We have all heard a lot of talk about hybrid cars. However, this one is going to be a first for you – research team from the University of Cambridge has partnered with Boeing to carry out testing of the world’s first hybrid aircraft. According to the firm, it uses 30% less fuel when compared with a gas-only aircraft.
Project leader Dr. Paul Robertson from Cambridge’s Department of Engineering said, “Although hybrid cars have been available for more than a decade, what’s been holding back the development of hybrid or fully-electric aircraft until now is battery technology. Until recently, they have been too heavy and didn’t have enough energy capacity. But with the advent of improved lithium-polymer batteries, similar to what you’d find in a laptop computer, hybrid aircraft – albeit at a small scale – are now starting to become viable.”
The single-seat aircraft is based on a model that is available commercially and is powered by a 4-stroke piston engine by Honda along with a custom-made electric motor/generator. The power sources have been coupled in a way that they both can power the propeller. During take-off or when huge amount of power is required, the plane makes use of both power sources to crank the propeller.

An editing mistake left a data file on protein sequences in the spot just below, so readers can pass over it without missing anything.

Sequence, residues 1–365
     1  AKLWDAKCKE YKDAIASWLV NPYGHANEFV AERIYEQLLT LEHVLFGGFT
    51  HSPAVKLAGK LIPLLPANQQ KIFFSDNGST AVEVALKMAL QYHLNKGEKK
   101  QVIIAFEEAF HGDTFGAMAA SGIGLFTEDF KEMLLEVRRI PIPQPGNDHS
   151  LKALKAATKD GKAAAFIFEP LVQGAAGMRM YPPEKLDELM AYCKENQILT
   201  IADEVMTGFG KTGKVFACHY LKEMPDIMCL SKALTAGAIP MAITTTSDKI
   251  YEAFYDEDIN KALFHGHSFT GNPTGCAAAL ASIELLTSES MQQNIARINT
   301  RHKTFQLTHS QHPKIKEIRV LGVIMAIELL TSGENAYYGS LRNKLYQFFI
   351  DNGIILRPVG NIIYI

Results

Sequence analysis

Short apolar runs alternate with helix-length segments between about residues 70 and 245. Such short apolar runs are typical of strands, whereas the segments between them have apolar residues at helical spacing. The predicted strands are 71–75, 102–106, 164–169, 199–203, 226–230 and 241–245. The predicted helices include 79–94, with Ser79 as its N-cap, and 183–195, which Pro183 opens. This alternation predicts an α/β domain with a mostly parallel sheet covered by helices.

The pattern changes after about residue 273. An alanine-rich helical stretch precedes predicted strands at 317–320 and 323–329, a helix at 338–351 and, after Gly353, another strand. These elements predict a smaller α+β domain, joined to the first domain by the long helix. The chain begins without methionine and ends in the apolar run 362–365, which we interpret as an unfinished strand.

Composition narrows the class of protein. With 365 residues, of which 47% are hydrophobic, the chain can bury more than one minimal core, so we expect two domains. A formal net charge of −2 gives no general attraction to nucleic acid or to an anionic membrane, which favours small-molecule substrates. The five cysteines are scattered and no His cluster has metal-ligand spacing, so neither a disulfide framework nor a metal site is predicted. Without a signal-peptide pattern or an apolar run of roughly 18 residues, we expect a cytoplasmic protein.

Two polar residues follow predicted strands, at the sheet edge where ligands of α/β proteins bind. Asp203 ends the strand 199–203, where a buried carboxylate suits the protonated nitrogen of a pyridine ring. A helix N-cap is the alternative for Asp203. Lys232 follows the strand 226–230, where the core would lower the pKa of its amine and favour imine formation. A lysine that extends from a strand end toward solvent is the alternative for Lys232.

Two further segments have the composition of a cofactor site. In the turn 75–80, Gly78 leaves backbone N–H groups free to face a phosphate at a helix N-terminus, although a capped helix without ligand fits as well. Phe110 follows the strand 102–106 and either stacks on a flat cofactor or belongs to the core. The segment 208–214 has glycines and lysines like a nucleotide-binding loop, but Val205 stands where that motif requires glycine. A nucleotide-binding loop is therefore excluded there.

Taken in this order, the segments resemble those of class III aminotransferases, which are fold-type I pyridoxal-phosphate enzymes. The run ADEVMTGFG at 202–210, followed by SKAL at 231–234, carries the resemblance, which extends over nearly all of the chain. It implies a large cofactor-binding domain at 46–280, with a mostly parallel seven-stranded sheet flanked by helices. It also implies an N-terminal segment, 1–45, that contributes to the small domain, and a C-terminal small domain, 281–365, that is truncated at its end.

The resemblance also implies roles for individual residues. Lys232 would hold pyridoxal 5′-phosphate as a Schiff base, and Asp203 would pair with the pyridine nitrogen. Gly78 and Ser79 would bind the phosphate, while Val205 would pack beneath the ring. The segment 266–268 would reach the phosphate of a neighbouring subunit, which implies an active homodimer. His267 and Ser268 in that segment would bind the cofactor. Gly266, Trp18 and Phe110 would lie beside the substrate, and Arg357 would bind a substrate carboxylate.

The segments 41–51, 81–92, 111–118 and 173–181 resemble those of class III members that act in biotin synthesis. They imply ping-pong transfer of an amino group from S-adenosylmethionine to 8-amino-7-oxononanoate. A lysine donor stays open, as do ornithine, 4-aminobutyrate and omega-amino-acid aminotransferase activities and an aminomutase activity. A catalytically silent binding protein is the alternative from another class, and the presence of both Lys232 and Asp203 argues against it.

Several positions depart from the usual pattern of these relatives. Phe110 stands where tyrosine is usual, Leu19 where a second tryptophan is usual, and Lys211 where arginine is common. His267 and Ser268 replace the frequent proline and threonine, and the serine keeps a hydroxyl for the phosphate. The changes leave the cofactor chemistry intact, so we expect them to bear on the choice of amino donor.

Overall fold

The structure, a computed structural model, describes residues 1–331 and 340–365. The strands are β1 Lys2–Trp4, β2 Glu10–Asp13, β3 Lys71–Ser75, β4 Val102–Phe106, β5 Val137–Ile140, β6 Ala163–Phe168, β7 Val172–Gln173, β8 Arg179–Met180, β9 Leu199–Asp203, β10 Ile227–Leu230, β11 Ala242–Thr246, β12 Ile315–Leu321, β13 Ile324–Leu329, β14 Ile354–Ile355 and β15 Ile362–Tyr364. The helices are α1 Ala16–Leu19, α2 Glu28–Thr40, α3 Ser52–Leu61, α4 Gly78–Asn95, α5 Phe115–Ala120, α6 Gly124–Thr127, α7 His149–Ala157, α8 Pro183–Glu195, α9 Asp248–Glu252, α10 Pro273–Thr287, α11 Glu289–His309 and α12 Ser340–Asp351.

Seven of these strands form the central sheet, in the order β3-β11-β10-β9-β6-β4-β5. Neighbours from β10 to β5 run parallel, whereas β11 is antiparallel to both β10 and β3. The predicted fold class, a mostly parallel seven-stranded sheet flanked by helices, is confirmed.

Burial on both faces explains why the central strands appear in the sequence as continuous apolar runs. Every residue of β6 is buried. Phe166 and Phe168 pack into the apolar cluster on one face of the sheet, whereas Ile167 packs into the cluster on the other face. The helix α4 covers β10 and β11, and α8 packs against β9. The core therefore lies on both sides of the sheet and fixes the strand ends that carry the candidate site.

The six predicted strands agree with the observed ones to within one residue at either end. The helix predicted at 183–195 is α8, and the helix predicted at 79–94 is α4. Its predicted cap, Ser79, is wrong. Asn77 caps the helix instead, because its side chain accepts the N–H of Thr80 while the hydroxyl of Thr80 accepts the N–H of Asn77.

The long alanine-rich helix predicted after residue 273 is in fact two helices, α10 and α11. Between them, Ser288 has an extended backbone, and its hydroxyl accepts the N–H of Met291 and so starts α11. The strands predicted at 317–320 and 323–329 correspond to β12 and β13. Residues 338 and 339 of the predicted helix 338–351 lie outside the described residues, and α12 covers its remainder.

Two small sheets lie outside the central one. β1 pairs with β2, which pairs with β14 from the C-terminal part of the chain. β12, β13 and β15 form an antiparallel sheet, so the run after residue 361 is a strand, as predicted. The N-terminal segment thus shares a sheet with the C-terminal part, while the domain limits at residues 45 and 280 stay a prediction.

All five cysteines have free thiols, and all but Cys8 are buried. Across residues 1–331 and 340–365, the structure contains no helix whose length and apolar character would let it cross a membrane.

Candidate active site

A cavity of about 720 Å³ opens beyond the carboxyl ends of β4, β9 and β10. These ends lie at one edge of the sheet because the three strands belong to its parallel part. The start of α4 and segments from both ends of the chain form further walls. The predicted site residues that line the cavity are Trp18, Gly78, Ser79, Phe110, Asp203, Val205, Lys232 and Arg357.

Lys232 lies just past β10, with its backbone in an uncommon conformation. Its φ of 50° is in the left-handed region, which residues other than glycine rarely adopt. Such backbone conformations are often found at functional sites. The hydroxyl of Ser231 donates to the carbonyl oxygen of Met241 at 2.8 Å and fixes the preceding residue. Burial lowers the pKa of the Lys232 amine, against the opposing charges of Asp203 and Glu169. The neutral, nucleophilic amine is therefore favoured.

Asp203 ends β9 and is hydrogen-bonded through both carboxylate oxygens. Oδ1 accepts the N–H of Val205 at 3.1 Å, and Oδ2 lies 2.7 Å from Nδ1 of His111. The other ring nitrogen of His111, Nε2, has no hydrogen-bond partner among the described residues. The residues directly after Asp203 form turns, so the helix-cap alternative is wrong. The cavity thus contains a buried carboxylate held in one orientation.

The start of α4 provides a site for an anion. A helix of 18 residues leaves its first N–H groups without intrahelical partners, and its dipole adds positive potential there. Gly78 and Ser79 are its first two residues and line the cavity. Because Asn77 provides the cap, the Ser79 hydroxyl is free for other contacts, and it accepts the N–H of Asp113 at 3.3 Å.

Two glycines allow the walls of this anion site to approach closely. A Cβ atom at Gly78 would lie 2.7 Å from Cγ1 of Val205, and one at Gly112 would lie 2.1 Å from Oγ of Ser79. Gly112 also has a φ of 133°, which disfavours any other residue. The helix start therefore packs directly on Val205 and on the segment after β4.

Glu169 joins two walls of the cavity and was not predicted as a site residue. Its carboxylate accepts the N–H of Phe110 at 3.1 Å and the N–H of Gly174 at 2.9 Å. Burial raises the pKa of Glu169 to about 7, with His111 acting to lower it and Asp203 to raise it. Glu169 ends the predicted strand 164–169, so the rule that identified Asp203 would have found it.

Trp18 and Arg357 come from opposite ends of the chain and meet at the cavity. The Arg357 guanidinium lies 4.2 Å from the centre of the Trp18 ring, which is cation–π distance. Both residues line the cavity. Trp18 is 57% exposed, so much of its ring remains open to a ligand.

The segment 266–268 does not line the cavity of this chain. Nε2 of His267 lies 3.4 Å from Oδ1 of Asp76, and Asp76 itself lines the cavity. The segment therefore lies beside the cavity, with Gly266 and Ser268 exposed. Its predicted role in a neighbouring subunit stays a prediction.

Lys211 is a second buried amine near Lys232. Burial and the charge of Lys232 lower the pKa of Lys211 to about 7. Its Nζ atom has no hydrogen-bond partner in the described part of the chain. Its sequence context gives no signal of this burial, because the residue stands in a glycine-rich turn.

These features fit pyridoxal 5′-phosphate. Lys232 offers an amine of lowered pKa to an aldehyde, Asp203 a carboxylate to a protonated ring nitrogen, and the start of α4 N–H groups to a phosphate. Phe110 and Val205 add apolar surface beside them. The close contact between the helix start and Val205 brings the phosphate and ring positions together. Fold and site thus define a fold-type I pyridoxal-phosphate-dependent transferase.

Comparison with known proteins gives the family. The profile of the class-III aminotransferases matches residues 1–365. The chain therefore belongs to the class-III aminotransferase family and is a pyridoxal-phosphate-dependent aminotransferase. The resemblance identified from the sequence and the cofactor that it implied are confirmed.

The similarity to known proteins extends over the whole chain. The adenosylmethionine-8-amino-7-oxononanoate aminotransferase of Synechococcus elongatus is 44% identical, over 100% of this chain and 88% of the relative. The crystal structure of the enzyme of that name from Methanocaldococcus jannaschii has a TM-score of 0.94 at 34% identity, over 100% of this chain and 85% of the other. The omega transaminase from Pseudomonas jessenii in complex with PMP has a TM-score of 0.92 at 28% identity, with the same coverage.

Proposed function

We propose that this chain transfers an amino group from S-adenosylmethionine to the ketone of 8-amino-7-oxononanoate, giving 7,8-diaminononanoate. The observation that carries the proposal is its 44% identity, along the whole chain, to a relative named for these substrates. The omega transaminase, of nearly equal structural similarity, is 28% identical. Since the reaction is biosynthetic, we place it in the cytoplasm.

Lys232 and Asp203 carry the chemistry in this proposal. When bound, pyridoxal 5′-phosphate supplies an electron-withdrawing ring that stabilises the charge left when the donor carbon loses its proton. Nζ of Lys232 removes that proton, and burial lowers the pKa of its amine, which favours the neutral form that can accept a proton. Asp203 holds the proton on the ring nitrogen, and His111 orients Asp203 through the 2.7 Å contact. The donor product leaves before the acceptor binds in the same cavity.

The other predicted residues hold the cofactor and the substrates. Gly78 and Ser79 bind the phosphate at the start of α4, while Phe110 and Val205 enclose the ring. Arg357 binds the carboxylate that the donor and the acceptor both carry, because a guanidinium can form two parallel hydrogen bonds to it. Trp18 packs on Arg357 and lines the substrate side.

Once the hybrid aircraft is in flight, the motor can continue assisting the engine to help in saving fuel and the engine can be used to charge batteries. As per University of Cambridge, this system has been successfully tested for the first time. The module designed by the very same university controls the amount of electric current that runs to and from the lithium polymer cell batteries. 16 of such batteries have been placed in compartments located in the wings.
The plane was tested at Sywell Aerodome, close to Northampton, UK. The first series of tests included an array of ‘hops’ on the runway. The next stage saw longer flight spans at an altitude of more than 457 meters. The current tests will help in optimizing the performance and fuel economy of the plane. Folks, the future will be greener and safer!